It's chock-full of stalking, snark and antidepressants. What more could you ask from a classic romance?
On an inside page, alongside the ISBN and a lot of other boring junk no one notices, Tomato is listed as "1. Marriage-United States-Case Studies." I can think of no better term for this book or this couple's relationship than "case study." One waits for a trench-coated Robert Stack to emerge from the fog and ask, "What could have brought these two shrill, insufferable, frankly horrible people together?" Or maybe the Gur-Kahn marriage is less Unsolved Mysteries and more Seconds From Disaster. Step by step, from torturous courtship to uneasy cohabitation to their inadequate parenting, the book shows how wedlock/catastrophe could have been averted, but wasn't.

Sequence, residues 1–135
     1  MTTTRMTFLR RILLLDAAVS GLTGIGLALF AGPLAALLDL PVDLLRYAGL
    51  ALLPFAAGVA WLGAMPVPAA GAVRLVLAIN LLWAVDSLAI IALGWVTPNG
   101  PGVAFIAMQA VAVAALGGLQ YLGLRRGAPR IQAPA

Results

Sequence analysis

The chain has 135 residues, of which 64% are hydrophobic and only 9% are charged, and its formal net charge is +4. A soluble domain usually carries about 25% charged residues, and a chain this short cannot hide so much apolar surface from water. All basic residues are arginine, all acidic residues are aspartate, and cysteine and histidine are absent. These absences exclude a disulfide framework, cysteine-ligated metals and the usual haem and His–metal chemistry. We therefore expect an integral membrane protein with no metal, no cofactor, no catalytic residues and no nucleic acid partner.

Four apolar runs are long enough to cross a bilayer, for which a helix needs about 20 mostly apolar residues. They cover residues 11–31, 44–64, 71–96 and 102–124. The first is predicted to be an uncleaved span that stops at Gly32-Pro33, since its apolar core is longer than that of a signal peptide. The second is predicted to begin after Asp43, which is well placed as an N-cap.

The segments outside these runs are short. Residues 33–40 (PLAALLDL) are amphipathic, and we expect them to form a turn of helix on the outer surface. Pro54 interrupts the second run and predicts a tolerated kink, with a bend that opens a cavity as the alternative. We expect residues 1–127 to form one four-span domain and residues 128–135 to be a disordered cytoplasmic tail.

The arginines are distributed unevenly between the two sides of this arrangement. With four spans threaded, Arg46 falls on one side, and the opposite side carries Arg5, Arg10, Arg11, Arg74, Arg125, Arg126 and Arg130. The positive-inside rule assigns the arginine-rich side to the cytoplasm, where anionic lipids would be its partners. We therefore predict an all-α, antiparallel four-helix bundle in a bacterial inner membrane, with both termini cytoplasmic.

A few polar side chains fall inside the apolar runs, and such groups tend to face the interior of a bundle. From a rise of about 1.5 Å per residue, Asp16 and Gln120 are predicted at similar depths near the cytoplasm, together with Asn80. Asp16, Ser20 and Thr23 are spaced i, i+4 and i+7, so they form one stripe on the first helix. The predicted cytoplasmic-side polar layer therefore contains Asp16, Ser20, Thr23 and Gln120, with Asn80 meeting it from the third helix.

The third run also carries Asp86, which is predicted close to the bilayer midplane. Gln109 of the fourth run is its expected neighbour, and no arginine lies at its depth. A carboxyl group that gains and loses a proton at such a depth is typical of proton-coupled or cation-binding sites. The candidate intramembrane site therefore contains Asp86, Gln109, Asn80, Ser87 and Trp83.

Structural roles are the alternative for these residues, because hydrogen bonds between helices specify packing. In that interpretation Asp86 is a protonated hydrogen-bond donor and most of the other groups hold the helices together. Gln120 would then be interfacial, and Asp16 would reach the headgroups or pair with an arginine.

So why I am giving this divorce primer a four-star rave? Just call me a sucker for black humor, and these two really embrace the darkness. Naturally, they enjoy potshots at each other, ("You're asking me what bothers me about Annabelle? Seriously? Where do I even start?"), but they're also aware of their own limitations. He's weak, sexually obsessed and immature and she's…what's the clinical term…cuckoo for Cocoa Puffs. Throw in the helpful and depressing stats interspersed between chapters (did you know marital strife raises your risk for heart disease?), and it reminds you why they call marriage an institution.
Still, since Gurwitch and Kahn are both actors, there's a typical Hollywood happy ending. In the final chapter, they declare their love for each other, and I truly believe they have found the secret that keeps so many couples together: NO ONE ELSE COULD EVER STAND ME FOR THIS LONG.
I work in Circulation, and have been a circulation assistant longer than I care to admit. Previously, I wrote for several obscure publications, all of them now defunct. When off-duty, I can usually be found with my wife in the pursuit of happiness, roller coasters and kimchi.